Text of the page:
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Late in 2012, a 3D film that deserved to reach a much wider audience was pretty much blown off the map by holiday audiences flocking to see Lincoln, Les Misérables, and Django Unchained. Cirque du Soleil: Worlds Away, which combines 3D footage of the company's stationary 2011 Las Vegas shows (O, Mystère, Ka, Zumanity, Love, Viva Elvis, and Criss Angel Believe) is as much a feast for the eyes as Julie Taymor's 2007 musical drama, Across the Universe (which was built around a long list of songs written by The Beatles).

Audiences who have attended any of Cirque du Soleil's shows know that they are wildly extravagant, visually overwhelming, jaw-dropping spectacles for which tickets cost a pretty penny. So much happens so quickly in each show that it's difficult for the senses to absorb it all.

Being surrounded by nearly 2,000 people can make it equally difficult to zero in on one moment, stop the action, and smell the musicodramatic roses. As director Andrew Adamson explains:
“We had to find a natural, cinematic way into the world of Cirque. I started thinking about the way Cirque's live shows work. There is a very dreamlike quality about them.-- a thin thread of narrative that weaves in and out of each but allows these acts to exist within the worlds that are created. I thought this movie could do the same thing. I could find a narrative that threads these completely different shows together. What I wanted to do is take the audience to see these shows in a way that they hadn’t seen them before, to get the camera in close, give a different perspective of what these artists do and show that perspective in high speed, slow motion 3D."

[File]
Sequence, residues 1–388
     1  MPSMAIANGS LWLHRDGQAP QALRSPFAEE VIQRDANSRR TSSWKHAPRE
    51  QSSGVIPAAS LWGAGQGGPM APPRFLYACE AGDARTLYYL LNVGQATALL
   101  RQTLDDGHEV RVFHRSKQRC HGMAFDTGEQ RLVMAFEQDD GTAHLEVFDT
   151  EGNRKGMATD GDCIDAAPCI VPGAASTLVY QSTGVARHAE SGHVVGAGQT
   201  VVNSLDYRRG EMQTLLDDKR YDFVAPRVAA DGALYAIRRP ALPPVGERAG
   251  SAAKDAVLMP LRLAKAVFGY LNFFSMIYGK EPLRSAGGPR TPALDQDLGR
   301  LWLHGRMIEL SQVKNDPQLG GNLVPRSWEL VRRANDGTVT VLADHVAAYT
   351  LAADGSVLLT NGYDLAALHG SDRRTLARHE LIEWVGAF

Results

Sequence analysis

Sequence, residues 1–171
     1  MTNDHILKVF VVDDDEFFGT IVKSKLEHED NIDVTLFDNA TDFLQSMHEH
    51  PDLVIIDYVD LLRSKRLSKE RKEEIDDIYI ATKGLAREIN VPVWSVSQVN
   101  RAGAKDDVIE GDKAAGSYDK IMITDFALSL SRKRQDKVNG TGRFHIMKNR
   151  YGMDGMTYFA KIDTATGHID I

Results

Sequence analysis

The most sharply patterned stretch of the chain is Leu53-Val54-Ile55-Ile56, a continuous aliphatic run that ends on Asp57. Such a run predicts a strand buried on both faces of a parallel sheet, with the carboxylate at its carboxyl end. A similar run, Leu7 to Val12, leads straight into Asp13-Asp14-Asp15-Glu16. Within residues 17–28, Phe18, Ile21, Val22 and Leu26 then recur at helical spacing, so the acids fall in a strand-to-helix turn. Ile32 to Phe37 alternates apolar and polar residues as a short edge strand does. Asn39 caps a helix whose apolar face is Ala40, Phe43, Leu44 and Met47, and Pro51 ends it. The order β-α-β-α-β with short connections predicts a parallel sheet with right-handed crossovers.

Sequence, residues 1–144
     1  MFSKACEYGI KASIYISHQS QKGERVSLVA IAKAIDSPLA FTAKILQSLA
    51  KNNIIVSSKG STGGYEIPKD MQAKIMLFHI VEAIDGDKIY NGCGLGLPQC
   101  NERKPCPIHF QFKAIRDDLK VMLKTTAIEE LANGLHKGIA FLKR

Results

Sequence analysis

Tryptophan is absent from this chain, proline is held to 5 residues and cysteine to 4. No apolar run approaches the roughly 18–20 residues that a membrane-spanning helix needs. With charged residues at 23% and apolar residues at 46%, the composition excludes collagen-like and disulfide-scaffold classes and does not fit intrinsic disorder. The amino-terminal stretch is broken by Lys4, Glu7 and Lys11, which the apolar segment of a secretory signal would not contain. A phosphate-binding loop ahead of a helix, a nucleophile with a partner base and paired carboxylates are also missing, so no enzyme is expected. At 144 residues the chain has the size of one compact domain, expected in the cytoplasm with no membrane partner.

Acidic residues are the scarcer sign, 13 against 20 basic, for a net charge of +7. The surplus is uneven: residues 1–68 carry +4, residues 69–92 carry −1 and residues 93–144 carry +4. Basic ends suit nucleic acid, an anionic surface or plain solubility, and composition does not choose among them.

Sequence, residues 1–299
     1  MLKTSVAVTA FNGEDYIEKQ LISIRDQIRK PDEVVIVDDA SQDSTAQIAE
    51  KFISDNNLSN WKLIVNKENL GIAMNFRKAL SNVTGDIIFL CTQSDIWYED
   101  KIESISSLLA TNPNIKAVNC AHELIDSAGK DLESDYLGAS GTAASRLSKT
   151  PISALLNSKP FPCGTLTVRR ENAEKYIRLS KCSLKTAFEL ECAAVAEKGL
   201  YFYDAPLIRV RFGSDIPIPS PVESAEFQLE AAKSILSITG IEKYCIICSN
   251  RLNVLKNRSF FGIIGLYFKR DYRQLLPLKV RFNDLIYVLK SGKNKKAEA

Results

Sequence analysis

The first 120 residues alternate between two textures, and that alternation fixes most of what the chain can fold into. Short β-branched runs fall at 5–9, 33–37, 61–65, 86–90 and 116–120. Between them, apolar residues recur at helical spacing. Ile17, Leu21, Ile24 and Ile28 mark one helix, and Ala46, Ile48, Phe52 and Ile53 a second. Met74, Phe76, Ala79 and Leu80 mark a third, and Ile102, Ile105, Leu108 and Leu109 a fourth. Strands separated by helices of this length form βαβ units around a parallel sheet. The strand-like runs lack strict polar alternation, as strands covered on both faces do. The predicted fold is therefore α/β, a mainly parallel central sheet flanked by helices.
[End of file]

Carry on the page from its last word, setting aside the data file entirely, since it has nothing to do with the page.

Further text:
By working with James Cameron, Adamson has been able to create something far more extraordinary than the "standard" Cirque du Soleil experience.
  • By opening up each show's orchestrations to a full symphonic score, he has added a huge new musical perspective.
  • By being able to incorporate slow-motion into certain performances, he has been able to stress the lyrical elements of many airborne acrobatic acts.
  • Without hiding any of Cirque's amazing technology or safety devices, he has brought the audience much closer to the performers than they could ever hope to be during a live show.